Ultimately, the Summary Conviction Appeal Court held that, in these particular circumstances, a conditional discharge would neither be contrary to the public interest nor would be inconsistent with the fundamental purpose and principles of sentencing in the Criminal Code.

R. v. Charania, 2014 ONSC 1695

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Criminal Sentence for Unauthorized Access of Former Co-Worker’s E-mail Reduced on Appeal

Settling With a Fraudulent Employee: Will you be the next Defendant?

A recent Ontario decision dealt with the issue of liability as between two defrauded employers: is a past (former) employer liable to a new employer when a fraudulent employee steals money from the latter to satisfy its debt to the former?

In the recent Ontario Superior Court of Justice decision in Healthy Body Services Inc. v. 1261679 Ontario Ltd., 2013 ONSC 6396, the defrauded employer, Healthy Body Services, attempted to recover from the former employer, Raytek, on the basis that the fraudulent employee, Mr. Patel, paid Raytek a settlement with funds stolen from Healthy Body Services. As is the case with many fraudsters, Mr. Patel appeared to have a history of fraud, and had similarly defrauded his prior employer, Raytek. Using funds stolen from Healthy Body Services, Mr. Patel paid significant amounts to satisfy the claims of Raytek.

Healthy Body Services based its claim against Raytek in the causes of action of knowing receipt and unjust enrichment. The claim of knowing receipt requires the plaintiff to establish that the defendant received trust property, with knowledge that the property was transferred to that defendant in breach of a trust. If the funds can be traced, the only issue for the Court is whether or not the defendant “had knowledge of facts that would have put a reasonable person on notice or inquiry as to the source of the funds.” If so, the claim will succeed, and the plaintiff is entitled to the return of its money.

The claim of unjust enrichment has 3 necessary elements: an enrichment, a corresponding deprivation, and the absence of a juristic reason for the enrichment. Assuming that tracing can be established, the central issue is whether or not a juristic reason exists for the payments. In the Healthy Body Services case, the Court noted several factors to support a juristic reason; namely that the first employer acted in “commercial good conscience” when making the settlement agreement, the employer had a civil judgment on same issue, and the funds the employer received were applied for commercial purposes.

The Healthy Body Services decision provides useful direction for settlements with a former employee. The key point is that the former employer must take care to shield itself from future liability concerning the source of settlement payments in case their source is a subsequent fraud. These steps should include:

  • Carefully assessing the circumstances regarding payment of the funds. Are there any facts which may put the employer “on notice” to make reasonable inquiries as to the source of the funds? While the employer does not need to be “unduly suspicious”, the employer cannot turn a blind eye to facts that reasonably require investigation.
  • Entering into a settlement agreement, obtaining a judgment or otherwise documenting the obligation of the fraudster.

Please feel free to contact Jordan Deering of our Fraud, Corruption & Asset Recovery Group directly if you would like to discuss the application of this decision to your particular circumstances.

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Settling With a Fraudulent Employee: Will you be the next Defendant?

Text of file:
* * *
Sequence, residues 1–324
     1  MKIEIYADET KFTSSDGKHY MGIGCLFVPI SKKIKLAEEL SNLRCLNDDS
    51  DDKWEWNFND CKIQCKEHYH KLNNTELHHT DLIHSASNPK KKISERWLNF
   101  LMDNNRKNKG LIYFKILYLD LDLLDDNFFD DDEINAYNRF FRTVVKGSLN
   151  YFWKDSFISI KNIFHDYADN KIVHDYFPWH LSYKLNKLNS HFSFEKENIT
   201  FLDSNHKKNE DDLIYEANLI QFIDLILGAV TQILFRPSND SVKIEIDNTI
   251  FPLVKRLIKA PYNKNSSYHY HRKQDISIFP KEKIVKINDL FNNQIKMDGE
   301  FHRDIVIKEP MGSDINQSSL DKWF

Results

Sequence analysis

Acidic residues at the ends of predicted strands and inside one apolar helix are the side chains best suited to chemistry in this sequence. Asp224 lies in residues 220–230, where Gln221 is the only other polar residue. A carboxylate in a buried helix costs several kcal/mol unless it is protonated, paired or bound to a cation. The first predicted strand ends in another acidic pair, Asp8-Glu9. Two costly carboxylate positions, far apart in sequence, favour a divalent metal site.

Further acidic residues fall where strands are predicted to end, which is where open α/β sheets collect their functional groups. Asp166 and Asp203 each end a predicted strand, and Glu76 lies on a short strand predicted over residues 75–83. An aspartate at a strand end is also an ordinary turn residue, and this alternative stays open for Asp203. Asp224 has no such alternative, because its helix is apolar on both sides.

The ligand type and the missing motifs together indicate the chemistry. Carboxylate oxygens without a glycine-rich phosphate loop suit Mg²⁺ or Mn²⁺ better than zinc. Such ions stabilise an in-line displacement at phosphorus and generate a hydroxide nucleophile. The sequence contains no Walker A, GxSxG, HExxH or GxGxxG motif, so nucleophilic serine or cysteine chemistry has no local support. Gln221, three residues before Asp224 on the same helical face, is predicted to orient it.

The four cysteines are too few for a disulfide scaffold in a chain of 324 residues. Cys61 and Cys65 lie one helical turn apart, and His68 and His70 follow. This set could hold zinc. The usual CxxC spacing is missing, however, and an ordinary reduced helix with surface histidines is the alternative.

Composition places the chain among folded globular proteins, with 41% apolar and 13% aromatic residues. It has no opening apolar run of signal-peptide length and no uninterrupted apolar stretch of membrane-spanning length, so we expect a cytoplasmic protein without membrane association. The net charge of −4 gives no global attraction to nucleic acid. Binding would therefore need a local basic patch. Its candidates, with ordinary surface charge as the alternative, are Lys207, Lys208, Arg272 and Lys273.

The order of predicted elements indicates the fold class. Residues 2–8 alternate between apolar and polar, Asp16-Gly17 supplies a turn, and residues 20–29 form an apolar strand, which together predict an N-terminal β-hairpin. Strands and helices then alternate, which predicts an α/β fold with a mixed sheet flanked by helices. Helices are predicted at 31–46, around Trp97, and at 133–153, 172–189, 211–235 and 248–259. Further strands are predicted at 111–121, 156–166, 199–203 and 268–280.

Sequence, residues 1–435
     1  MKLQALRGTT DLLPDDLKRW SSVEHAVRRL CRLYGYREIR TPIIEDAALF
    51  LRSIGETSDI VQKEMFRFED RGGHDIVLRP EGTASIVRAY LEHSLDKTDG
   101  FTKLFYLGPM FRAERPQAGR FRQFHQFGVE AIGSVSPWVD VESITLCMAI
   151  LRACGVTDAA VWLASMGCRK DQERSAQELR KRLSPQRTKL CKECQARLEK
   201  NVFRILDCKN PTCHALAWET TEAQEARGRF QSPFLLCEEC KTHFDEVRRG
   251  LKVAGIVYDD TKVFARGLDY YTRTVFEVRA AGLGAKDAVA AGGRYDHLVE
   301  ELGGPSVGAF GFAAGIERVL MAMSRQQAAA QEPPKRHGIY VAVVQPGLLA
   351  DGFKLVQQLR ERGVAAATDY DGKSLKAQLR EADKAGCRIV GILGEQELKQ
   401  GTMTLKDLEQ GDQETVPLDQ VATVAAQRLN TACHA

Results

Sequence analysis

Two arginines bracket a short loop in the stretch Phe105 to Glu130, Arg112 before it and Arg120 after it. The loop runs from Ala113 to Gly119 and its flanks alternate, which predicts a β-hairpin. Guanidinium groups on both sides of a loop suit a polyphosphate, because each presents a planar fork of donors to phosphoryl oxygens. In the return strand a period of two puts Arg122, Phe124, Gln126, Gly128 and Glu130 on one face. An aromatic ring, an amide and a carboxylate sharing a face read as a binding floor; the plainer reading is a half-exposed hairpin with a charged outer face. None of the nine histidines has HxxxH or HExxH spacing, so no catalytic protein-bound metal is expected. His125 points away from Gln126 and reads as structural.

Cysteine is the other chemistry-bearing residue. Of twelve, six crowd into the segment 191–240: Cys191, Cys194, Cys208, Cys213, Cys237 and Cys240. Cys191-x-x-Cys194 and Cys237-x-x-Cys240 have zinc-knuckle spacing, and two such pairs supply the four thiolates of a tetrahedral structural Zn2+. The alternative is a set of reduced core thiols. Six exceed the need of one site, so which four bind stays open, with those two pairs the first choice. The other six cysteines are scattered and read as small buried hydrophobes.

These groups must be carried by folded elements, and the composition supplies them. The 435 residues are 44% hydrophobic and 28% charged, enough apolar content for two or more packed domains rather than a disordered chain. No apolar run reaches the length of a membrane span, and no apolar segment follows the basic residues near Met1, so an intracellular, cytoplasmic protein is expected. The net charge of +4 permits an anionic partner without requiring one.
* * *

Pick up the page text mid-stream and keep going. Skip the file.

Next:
Employee Jailed for Accepting Bribe

An employee of a drive test centre has been jailed for accepting a bribe from a driving instructor, who has also been jailed.

Harvey Aitchison worked as a driving examiner for DriveTest Centre, the agency that tests Ontario drivers, in Oakville. He accepted bribes from Cyril Julius Marques, who was the owner and driver instructor of a driving school, to guarantee that that Marques’ driving students passed their Ministry of Transportation road examination.

Marques would charge $450.00 to his driver students, $300.00 of which he would give to Aitchison.  Marques would keep the remaining $150.00.  The bribing came to light after Marques offered a DriveTest coordinator a pack of cigarettes if she assigned Aitchison to test his student.  The coordinator blew the whistle.  Aitchison resigned from his job.

Both Aitchison and Marques pleaded quilty to accepting a bribe, contrary to section 426(1)(a) of the Criminal Code. That section provides:

426 (1) Every one commits an offence who

(a) directly or indirectly, corruptly gives, offers or agrees to give or offer to an agent or to anyone for the benefit of the agent — or, being an agent, directly or indirectly, corruptly demands, accepts or offers or agrees to accept from any person, for themselves or another person — any reward, advantage or benefit of any kind as consideration for doing or not doing, or for having done or not done, any act relating to the affairs or business of the agent’s principal, or for showing or not showing favour or disfavour to any person with relation to the affairs or business of the agent’s principal

Aitchison claimed the he accepted the bribes out of frustration towards his employer; Marques said that his actions were caused by his financial problems and his wife’s health problems.

The court sentenced Aitchison, a 64-year-old man with no criminal record, to a jail term of 4 months to be followed by 2 years of probation. The court sentenced Marques, a 58-year-old man who also did not have a criminal record, to a jail term of 90 days, which he was permitted to serve intermittently given his employment status and his wife’s medical needs.  The court stated that their corrupt scheme was a breach of trust offence that put the public at real risk of harm: sending unqualified drivers onto the roads.  The court pointed out that, “Public corruption is of significant concern to the citizens of Canada and general deterrents and denunciation must be the dominant sentencing factors.”

While there is no indication in this decision that the employer was charged or implicated in this case, employers that knowingly permit employees to accept bribes could also be subject to prosecution under the Criminal Code: subsection 426(2) of the Criminal Code provides that, “Every one commits an offence who is knowingly privy to the commission of an offence under subsection (1)”.

R. v. Aitchison, 2013 ONCJ 74 (CanLII)

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Employee Jailed for Accepting Bribe